Vado Hondo, Guatemala – Military and police forces in Guatemala evacuated thousands of migrants and asylum seekers to the United States on Monday after blocking their advance for two days.
“I was so scared,” Kayla, a 16-year-old transgender girl from a town in western Honduras, told Al Jazeera shortly after the eviction.
At least 8,000 Hondurans have entered Guatemala since Thursday in several large caravan groups and some 300 Salvadorans have caught up with them on Monday. Most hoped to travel to the United States, while others planned to stay in Mexico.
Honduran migrants and asylum seekers told Al Jazeera they were fleeing devastation of two Category 4s hurricanes last November, as well as chronic unemployment and various forms of violence in their country of origin.
“In Honduras, people threaten to kill us [transgender people]Said Kayla, whose last name is not used because she is underage. “We decided it was better to go somewhere else,” she said, adding that she hoped to go to Mexico.
The exodus is the last of several migrant caravans over the past three years and comes just days before the inauguration of US President-elect Joe Biden.
Initially, some large groups of thousands of migrants and asylum seekers made their way to the southern border of the United States, but recent caravans have been stopped by Honduras and, more recently, Guatemala.
Guatemalan security forces stopped about 6,000 people Saturday in Vado Hondo, about 9.7 km south of Chiquimula, a town in the southeast of the country. Most migrants and asylum seekers, including families with young children, had little water or food over the weekend.
Commercial traffic was stalled along the highway, which leads to two border crossings with Honduras, including El Florido, from which Hondurans entered and traveled 43 km (27 miles) through Guatemalan territory to Vado Hondo.
Tensions were already high on Monday when officials once again tried unsuccessfully to persuade Hondurans to board buses back to the border. An immigration official and then a police official warned people to clear the highway.
In response, some migrants requisitioned three large trucks stuck behind the group and moved them to multiple rows of police and military forces.
“We tried to negotiate with you,” Coronel Barahona Gutierrez, an army commander from the nearby town of Zacapa, told the crowd over a megaphone as people shouted back. “Right now, I’ll give you 10 minutes,” he said.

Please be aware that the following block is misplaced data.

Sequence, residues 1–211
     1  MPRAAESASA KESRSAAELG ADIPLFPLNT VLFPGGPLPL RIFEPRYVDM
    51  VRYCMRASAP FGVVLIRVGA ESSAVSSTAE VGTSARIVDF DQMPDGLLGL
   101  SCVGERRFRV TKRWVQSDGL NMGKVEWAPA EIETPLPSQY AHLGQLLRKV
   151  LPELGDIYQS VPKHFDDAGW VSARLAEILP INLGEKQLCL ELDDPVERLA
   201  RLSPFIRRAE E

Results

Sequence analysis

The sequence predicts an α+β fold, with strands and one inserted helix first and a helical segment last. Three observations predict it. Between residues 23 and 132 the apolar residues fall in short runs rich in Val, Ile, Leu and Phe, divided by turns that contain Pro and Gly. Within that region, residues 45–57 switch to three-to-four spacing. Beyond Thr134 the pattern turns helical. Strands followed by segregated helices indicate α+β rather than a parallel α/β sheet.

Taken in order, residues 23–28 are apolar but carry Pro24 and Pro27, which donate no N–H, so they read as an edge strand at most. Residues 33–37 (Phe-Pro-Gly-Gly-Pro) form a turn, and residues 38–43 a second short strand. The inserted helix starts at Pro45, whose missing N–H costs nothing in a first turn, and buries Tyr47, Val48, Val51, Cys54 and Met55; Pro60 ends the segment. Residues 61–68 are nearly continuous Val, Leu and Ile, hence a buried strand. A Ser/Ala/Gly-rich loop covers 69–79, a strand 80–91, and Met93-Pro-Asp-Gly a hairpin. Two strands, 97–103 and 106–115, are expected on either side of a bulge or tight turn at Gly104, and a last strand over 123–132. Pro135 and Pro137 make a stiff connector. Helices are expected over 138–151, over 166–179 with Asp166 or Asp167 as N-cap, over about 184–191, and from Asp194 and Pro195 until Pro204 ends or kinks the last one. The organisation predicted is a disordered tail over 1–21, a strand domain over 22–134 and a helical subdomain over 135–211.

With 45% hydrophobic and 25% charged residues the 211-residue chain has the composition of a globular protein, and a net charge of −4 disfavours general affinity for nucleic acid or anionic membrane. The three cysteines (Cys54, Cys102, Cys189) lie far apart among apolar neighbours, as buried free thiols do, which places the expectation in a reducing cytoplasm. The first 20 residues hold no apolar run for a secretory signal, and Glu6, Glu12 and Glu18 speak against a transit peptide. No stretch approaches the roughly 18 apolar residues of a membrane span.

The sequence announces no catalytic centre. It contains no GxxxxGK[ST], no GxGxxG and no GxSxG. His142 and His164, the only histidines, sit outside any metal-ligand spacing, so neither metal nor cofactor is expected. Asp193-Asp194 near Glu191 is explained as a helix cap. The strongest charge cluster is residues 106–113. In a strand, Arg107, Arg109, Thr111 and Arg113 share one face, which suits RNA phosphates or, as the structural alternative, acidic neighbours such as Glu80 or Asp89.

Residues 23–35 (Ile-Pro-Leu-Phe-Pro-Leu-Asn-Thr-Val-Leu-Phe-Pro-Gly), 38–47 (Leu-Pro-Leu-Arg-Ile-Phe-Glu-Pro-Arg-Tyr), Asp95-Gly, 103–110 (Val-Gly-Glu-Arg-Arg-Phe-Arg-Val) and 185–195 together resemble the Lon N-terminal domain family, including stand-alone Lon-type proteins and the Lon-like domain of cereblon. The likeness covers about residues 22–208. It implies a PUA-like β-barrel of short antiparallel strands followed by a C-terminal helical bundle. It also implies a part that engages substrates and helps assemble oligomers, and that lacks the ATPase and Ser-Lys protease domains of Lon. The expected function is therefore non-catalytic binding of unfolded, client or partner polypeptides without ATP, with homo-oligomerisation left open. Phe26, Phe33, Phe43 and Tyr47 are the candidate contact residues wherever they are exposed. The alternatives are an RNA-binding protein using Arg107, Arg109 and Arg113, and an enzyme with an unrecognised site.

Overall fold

Some migrants and asylum seekers, especially those traveling with children, have moved away from military and police lines, but most people have stayed behind.
The trucks were driven to cheers in front of the crowds, where some had waved Honduran and American flags throughout the day. Others waved makeshift white flags.
Hondurans sang their national anthem as police and military police in riot gear prepared to advance. They beat batons on their shields behind the front lines of police officers in regular uniforms.
Hundreds of police and military forces quickly stormed in, pushing migrants and asylum seekers south along the highway and off the highway itself.
The actions of the security forces were part of a prior agreement between various government agencies, army spokesman Coronel Ruben Tellez told Al Jazeera. They were conducted in accordance with legislation regulating the use of force following attempted negotiations and two warnings, he said.
A soldier and a policeman were injured by stones thrown by migrants, Tellez said.
Al Jazeera saw volunteer medics treating a migrant with a hemorrhagic head injury and a woman who appeared to have passed out. A young child was crying at his feet.
Military and police forces reopened the highway to traffic, forcing many people to take the side road leading to El Florido’s border with Honduras. Many other migrants and asylum seekers have dispersed to neighboring areas and communities.
“Migrating is a right”
Liseth Sierra arrived in Vado Hondo on Monday morning after leaving Sunday from Choluteca, a town in southern Honduras.
“Everything was calm. We thought we were going to achieve our goal, ”Sierra, who hopes to travel to the United States, told Al Jazeera on the El Florido roadside. “They violated our rights,” she said. “Migrating is a right.”
The 30-year-old worked at a textile factory in northwestern Honduras, but his operations were shut down shortly after the outbreak of the COVID-19 pandemic in March. “Everything is getting more expensive – rice, beans, electricity – and the wages don’t cover it,” Sierra said.
She returned to Choluteca but could not find a job to support her family. She left her children aged 6, 11 and 16 in the care of her aunt and left to join the growing migrant caravan in Guatemala.
Sierra and Kayla didn’t know what to do on Monday afternoon. Guatemalan officials told people that buses would be available to return to Honduras, and they were bending over to return.
At the time of publication, Guatemalan immigration officials had not yet indicated how many people had been returned to Honduras from Vado Hondo on Monday.
In recent days, around 1,500 Hondurans have been deported from Guatemala, many of whom have been arrested at checkpoints across the country.
Even if she returned to Honduras, Sierra said she would try to return north. “We haven’t lost hope and we haven’t lost faith either,” she told Al Jazeera.